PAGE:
The third indictment of software patents is that they do nothing to discourage trade secrecy. Since the source code is still hidden from view and defended by trade secret and licensing restrictions (e.g. no reverse engineering) patents have had no impact on this form of knowledge hoarding. Of the arguments against software patents, I believe that this is the argument (the only one, really) which best distinguishes software from other types of intellectual property. Still, one could find other industries which are harmed by secrecy in spite of patent protection. The software industry isn't alone in this.
Opponents of software patents might be aware that their reasoning could easily be applied to all types of patents, but the realpolitik of the situation prevents them from making the larger case. They might say: "If we advocated getting rid of patents altogether, we might lose the battle against software patents".
If we accept the generality of the argument against software patents, we must ask if patents are necessary at all. The necessity of protecting intellectual property is simply taken for granted and not questioned. This assumption, which forms the constitutional basis of patent and copyright law (in the United States, that is) has come under scrutiny in recent years by people other than just John Perry Barlow and the odd Slashdot reader. Although it seems hard to dispute the benefits of patent protection on the surface, the empirical evidence that property based incentives generate more prolific production of intellectual goods is ambiguous and inconclusive.
Many people, notably Stephen Breyer (before he became a Supreme Court Justice), have argued that intellectual property laws are indeed unnecessary because companies receive enough competitive advantage (and therefore profit) from being first to market with an invention. Moreover, if someone brings out a cheap copy, the originator of the product can still compete on the basis of brand recognition and price. The payback period for investments in R&D would be longer, but this should not prevent anyone from profiting. This is probably even more true today than when Breyer wrote in the 70's. The product life cycles are much shorter than they were, so the benefits of getting it out the door first are even greater.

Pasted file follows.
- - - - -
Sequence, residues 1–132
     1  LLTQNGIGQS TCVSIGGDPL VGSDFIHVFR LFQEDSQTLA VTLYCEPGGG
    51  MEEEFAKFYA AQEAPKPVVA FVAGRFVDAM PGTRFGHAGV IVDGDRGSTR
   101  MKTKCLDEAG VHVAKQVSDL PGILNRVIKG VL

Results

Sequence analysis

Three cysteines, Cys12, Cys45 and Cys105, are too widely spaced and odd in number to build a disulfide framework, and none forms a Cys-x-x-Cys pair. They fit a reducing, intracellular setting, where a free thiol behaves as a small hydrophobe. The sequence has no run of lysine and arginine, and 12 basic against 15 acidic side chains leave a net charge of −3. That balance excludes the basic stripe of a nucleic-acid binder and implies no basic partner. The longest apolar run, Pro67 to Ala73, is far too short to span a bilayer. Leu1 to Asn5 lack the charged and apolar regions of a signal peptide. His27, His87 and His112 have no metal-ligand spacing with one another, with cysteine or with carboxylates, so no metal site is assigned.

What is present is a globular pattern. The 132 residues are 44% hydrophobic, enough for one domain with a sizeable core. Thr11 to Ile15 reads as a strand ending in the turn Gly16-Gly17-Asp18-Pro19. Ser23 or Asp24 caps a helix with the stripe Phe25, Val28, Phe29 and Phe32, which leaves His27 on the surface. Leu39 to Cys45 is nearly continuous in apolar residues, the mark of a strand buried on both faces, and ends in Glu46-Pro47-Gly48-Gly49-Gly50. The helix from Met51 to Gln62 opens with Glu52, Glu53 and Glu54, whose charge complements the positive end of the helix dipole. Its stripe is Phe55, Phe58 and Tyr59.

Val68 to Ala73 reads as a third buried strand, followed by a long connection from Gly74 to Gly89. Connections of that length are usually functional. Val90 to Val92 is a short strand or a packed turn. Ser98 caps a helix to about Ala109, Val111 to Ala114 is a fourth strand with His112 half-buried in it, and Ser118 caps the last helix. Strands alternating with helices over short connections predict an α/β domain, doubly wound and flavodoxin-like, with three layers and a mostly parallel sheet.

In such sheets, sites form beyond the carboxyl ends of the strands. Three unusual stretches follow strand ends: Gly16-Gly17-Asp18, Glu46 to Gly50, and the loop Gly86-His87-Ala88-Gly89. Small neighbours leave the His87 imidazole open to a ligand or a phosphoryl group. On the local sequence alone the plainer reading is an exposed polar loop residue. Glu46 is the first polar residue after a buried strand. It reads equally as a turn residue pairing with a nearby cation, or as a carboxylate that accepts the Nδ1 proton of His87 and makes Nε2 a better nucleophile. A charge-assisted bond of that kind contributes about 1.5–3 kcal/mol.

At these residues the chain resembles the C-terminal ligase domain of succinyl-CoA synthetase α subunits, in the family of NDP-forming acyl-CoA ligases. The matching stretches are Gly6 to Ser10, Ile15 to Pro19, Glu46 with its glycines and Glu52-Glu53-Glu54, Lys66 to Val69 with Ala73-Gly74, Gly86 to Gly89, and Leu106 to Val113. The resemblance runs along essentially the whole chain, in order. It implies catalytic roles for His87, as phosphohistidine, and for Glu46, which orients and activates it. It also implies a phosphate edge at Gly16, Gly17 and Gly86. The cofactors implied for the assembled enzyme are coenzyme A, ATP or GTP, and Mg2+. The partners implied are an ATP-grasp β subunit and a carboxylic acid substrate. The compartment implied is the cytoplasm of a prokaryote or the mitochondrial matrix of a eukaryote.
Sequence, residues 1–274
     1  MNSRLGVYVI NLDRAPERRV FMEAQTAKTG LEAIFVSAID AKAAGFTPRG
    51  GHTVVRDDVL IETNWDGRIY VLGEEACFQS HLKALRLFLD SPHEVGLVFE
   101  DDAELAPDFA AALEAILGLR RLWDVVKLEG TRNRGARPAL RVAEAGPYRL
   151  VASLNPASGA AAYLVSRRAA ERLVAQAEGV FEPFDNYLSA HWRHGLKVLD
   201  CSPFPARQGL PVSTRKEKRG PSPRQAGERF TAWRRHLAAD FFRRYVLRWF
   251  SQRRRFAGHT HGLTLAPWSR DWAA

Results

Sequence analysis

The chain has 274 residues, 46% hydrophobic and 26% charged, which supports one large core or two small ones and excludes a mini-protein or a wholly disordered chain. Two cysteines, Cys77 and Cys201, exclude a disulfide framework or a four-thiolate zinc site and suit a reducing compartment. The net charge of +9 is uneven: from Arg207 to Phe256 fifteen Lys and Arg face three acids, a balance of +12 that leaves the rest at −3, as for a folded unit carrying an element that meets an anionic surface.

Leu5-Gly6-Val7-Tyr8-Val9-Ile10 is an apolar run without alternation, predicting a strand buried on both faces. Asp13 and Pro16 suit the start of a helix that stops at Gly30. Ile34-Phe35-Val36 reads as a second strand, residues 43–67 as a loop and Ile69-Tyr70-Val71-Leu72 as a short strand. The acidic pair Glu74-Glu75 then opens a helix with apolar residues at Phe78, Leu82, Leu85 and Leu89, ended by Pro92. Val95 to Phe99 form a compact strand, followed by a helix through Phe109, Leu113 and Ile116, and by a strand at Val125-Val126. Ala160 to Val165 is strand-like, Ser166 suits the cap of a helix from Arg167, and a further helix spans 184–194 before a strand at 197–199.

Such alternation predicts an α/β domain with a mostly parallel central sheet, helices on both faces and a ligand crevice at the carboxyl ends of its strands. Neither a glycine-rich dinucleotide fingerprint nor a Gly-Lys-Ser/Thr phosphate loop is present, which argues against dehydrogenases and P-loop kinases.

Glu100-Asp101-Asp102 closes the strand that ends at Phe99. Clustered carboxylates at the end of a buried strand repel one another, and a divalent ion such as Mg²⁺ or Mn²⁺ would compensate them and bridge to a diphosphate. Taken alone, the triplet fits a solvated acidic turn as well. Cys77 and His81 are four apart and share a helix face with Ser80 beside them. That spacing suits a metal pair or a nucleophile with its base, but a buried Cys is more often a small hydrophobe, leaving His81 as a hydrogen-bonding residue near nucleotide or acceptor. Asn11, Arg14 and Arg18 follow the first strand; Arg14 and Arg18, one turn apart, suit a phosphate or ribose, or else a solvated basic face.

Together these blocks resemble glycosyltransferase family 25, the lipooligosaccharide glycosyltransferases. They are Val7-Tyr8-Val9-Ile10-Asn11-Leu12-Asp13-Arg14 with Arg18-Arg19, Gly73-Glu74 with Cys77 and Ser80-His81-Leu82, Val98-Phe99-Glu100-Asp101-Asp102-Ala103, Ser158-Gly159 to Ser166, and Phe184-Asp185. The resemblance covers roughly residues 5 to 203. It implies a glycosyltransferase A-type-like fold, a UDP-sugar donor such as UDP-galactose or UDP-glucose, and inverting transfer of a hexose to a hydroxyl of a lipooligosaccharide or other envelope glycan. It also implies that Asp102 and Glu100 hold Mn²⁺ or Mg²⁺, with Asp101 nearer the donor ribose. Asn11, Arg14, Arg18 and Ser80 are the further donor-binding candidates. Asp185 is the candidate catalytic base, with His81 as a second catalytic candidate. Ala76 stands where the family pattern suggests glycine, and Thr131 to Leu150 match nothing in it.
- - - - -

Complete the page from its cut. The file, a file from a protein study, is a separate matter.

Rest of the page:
Would a world without patents stimulate enough inventive effort? The answer to this question depends in large measure on how you define "enough". In America, there's no such thing as too much technology. And there's no form of technology that is off limits. The patentability of living creatures ought to have caused some controversy. Instead, it seemed to pass unnoticed into the annals of science history. The race to control the information contained in the human genome is another example of technology invading areas without even pausing to reflect on consequences.
Even if patents do guarantee a cornucopia of new technology, is this necessarily a good thing? Is it good and right for us to promote technological progress? At the end of the eighteenth century, when the US constitution was being drafted, technological developments were in an embryonic state. New inventions needed patent protection or they would be stillborn. Nowadays, the reverse is true. We are overwhelmed with technological change and progress. The regime of patent protection of 250 years ago doesn't belong in the modern world. Rather than innovation, perhaps we should start rewarding dependability or social value.
Sydney Weidman is a writer and agent provocateur living in Winnipeg, Canada, studying Philosophy and Business Computing at the University of Winnipeg.